Season, market and financial health determine when you buy a home. Here are some tips to help you get started.
Choose the right time of year
January is the best time to make an offer on a home. Not many buyers want to brave the cold to shop for a home, so prices are the lowest. Properties also take longer to sell. This means sellers are more likely to accept a lower offer.
The market picks up from February onward. Spring is the busiest time of year to buy a home. More properties become available, prices go up and competition increases. Homes also look more presentable in spring. Buyers often purchase in the spring so they can move into their new home during the summer.
House prices peak in the hot season, especially in June and July. By fall, prices usually drop and so does the number of listed homes. The market often freezes in December, partially because of the holidays.
Buy a home when demand is low
If possible, purchase a home in a buyer's market: Prices are low and availability is high. When there's little demand, buyers can often get a lower-priced home.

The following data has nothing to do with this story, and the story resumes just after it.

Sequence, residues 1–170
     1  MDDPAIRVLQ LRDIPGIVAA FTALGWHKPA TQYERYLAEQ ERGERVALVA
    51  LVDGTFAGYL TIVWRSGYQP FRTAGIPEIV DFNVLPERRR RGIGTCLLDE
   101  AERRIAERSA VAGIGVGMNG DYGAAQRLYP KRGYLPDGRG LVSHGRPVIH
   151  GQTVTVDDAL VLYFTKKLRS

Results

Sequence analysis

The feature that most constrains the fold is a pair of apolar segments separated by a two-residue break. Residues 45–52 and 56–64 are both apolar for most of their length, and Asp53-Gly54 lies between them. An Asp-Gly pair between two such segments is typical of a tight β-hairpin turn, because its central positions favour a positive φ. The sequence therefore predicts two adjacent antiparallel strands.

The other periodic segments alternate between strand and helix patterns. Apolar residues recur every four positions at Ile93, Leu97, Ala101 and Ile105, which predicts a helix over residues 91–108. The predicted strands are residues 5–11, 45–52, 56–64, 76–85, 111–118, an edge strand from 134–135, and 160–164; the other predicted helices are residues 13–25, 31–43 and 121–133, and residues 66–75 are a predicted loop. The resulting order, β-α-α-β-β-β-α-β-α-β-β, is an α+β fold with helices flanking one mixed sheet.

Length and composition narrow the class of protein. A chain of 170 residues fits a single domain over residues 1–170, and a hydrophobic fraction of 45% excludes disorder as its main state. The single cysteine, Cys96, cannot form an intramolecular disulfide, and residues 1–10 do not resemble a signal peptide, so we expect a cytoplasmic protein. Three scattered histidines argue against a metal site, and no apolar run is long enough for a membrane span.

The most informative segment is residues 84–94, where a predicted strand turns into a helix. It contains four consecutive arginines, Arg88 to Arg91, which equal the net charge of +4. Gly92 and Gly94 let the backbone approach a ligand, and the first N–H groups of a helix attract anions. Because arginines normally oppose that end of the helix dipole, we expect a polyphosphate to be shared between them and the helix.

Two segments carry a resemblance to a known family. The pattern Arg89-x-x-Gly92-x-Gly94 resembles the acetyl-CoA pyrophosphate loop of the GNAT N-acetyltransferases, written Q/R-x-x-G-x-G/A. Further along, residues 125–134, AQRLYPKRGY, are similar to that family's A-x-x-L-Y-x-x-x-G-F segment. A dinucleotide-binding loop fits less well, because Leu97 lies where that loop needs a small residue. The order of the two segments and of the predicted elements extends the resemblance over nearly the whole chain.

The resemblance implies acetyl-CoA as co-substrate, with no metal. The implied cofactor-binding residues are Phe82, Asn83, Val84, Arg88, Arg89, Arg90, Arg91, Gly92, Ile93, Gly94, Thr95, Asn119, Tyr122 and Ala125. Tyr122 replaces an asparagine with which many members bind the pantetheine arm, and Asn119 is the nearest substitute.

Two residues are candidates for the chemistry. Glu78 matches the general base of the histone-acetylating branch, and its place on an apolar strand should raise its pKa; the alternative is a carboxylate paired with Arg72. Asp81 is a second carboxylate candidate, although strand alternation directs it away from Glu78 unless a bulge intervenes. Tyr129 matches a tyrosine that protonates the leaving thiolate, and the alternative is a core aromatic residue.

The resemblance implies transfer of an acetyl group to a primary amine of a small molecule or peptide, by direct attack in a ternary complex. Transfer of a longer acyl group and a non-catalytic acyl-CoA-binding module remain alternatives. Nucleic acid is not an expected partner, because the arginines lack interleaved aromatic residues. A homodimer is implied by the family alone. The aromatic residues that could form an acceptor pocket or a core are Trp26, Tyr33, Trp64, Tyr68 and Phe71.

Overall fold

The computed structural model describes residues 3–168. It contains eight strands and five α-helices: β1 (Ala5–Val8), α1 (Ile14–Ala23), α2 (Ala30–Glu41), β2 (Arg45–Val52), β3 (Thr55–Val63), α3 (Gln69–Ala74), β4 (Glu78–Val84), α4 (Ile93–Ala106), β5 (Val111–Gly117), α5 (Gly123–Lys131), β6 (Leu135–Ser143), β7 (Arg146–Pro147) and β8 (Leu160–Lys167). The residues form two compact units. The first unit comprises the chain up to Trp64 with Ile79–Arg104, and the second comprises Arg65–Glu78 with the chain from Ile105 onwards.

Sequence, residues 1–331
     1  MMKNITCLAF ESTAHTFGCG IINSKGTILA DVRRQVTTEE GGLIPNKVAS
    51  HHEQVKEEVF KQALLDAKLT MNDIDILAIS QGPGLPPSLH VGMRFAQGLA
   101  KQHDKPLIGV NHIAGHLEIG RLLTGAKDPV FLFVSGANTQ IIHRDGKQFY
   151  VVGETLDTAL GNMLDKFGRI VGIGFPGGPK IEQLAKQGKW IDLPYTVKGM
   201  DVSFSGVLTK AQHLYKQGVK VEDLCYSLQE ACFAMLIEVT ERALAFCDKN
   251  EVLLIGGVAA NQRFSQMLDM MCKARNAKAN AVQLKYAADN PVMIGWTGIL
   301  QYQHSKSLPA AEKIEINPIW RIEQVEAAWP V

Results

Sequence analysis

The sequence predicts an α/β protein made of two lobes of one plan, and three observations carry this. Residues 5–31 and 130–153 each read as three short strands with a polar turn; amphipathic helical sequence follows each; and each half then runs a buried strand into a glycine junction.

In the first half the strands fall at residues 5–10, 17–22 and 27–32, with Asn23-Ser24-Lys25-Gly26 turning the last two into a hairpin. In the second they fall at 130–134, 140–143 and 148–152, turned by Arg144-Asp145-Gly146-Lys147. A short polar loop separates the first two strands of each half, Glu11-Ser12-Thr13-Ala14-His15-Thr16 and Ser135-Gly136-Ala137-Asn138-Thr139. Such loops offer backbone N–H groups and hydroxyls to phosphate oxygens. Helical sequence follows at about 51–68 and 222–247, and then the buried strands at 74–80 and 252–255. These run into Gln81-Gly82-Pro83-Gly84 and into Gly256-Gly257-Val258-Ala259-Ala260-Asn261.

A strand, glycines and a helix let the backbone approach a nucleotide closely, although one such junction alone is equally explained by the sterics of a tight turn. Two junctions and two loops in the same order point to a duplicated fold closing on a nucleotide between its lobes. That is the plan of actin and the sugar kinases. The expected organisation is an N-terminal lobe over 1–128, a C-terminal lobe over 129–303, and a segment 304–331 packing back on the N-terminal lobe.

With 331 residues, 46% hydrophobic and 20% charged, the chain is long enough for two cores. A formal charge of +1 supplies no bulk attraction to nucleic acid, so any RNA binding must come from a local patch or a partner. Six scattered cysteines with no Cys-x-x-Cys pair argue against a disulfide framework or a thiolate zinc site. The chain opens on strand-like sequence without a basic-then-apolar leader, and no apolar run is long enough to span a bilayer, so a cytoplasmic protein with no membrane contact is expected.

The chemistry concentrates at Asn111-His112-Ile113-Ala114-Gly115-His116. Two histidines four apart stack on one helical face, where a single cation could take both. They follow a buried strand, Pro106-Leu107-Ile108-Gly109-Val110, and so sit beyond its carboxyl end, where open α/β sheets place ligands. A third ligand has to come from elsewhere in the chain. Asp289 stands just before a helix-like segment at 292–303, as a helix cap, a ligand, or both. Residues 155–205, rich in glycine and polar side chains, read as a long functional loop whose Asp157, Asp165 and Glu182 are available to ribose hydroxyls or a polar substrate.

A seller's market is the opposite: Prices are high and availability is low. In this case, sellers can pick and choose which offers to consider, and choose the best one. Multiple offers can lead to a bidding war. This means you could lose your dream home if your offer isn't the highest.
An experienced real estate agent can help you get the best deal, whether you're in a buyer’s or a seller’s market.
Don't overthink the real estate market
Ideally, you want to buy a home in a buyer's market. But it's not always possible. Don't try to time the real estate market to find a home. The market goes up and down, so pinpointing the exact moment is almost impossible. Just buy a home when you find the right one. Don't wait for that perfect time or you may miss out on the home of your dreams.
Evaluate your life stage
Make sure you're financially stable before you house shop. Can you properly manage your finances with such a large purchase?
Also consider your housing needs. How many people will live in the home? How long will you live at your new address? Explore cities, towns and neighbourhoods that fit your family, work, daily commute and so on.
Factor in other expenses like maintenance, repairs and emergency funds. You need financial padding for when your roof leaks or your furnace dies.
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